On the Yahrtzeit of my beloved father, Irvin Kaplan, יצחק בן מרדכאי
This week’s Torah portion, Parshat Noach, completes the enumeration of the mitzvot incumbent upon all human beings: not to worship idols, not to curse God’s name, not to murder, not to engage in forbidden sexual relations, not to eat the limb of a living animal, not to steal, and to establish a court system. Six of these mitzvot are negative and one is positive. These commands comprise the “Sheva Mitzvot B’nei Noach,” “The Seven Noachide Commands.” The reason non-Jews have only seven commands is not to place a limit on their performances. Rather, these mitzvot are the minimum requirement to retain the right to life. If a person cannot comply with these seven Noachide laws, his or her life is meaningless.
Perhaps one thinks that the Torah views the non-Jew in any way less than a Jew. After all, God gave 613 commands to the Jews and only seven to the non-Jews. This notion, attitude, and philosophy of life is itself against the Torah. In last week’s Torah portion, Bereishit, God makes it abundantly clear that the Hebrew term “אדם,” refers to “all mankind,” male and female. (Bereishit 5:1-2) Both male and female were created “in His image” (Bereshit 1:27).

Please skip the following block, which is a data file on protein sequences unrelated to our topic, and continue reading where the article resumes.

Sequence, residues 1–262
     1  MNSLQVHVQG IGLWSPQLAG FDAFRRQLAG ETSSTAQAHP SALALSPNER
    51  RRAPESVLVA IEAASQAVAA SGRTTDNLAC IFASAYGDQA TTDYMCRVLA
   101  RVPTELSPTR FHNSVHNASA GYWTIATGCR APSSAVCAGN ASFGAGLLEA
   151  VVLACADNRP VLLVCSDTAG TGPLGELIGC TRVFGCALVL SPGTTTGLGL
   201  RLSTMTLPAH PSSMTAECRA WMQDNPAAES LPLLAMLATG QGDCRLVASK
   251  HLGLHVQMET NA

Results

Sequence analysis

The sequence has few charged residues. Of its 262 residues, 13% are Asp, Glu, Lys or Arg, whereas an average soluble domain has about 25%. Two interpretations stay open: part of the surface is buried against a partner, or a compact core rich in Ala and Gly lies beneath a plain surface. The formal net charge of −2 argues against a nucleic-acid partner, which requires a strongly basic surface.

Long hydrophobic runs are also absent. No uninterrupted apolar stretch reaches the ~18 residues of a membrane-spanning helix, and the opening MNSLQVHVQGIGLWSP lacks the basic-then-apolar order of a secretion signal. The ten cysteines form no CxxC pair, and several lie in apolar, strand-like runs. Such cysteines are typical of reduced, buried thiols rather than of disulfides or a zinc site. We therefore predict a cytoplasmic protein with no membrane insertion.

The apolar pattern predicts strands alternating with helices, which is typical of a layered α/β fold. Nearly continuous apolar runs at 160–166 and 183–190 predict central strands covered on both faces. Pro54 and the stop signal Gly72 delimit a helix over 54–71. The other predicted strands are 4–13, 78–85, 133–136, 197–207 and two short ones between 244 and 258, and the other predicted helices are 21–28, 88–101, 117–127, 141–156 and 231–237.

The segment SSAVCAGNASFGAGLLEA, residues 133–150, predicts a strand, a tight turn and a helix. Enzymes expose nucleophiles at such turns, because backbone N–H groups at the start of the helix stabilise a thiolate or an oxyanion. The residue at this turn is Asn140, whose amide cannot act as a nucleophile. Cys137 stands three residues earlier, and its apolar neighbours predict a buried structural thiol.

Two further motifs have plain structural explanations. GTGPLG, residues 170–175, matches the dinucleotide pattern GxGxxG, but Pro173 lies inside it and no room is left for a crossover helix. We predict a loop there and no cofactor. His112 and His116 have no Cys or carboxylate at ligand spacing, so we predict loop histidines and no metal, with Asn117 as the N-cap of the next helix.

Why then are there two systems of mitzvot mentioned in the Torah? What is the need for the additional 606 commands that Jews have but non-Jews don’t have? Furthermore, can non-Jews keep these other 606 mitzvot voluntarily?
While it is true that the 7 Noachide commands maintain a person’s right to life, they are not understood to be all that man can be. A non-Jew, therefore, is not prohibited from observing the other 604 mitzvot, save the keeping of Shabbat (or creating any day as a complete day of rest) and the studying of Torah mitzvot other than the seven Noachide commands. So a non-Jew, for example, can study all of Torah’s stories and philosophy as well as the Books of the Prophets and Writings. He or she can, for example, keep the laws of kosher and fulfill the mitzvah of Sukkah. Most significant, the Talmud tells us that a righteous Noachide, a non-Jew that accepts that God commanded these 7 mitzvot and keeps them, merits life in the World to Come. We pray for the fulfillment of this idea at the conclusion of every prayer service. It is the fundamental theme of the Aleinu prayer.
The Torah and our philosophy make clear there is no inherent difference between a Jew and a non-Jew. The soul of both is created the same way, “in the image of God.” Every human being, therefore, is provided the opportunity to achieve Olam Habah, existence in the World to Come. But here is the point. The 613 mitzvot system is a system designed for human perfection. This system, in fact, was given to the descendants of the greatest Noachide, אברהם אבינו, Abraham our father. His descendants are charged by God to be the guardians of this system of human perfection but not just for themselves. As Isaiah said in last week’s Haftorah, Jews have the responsibility to be “אור לגוים”, light to the nations.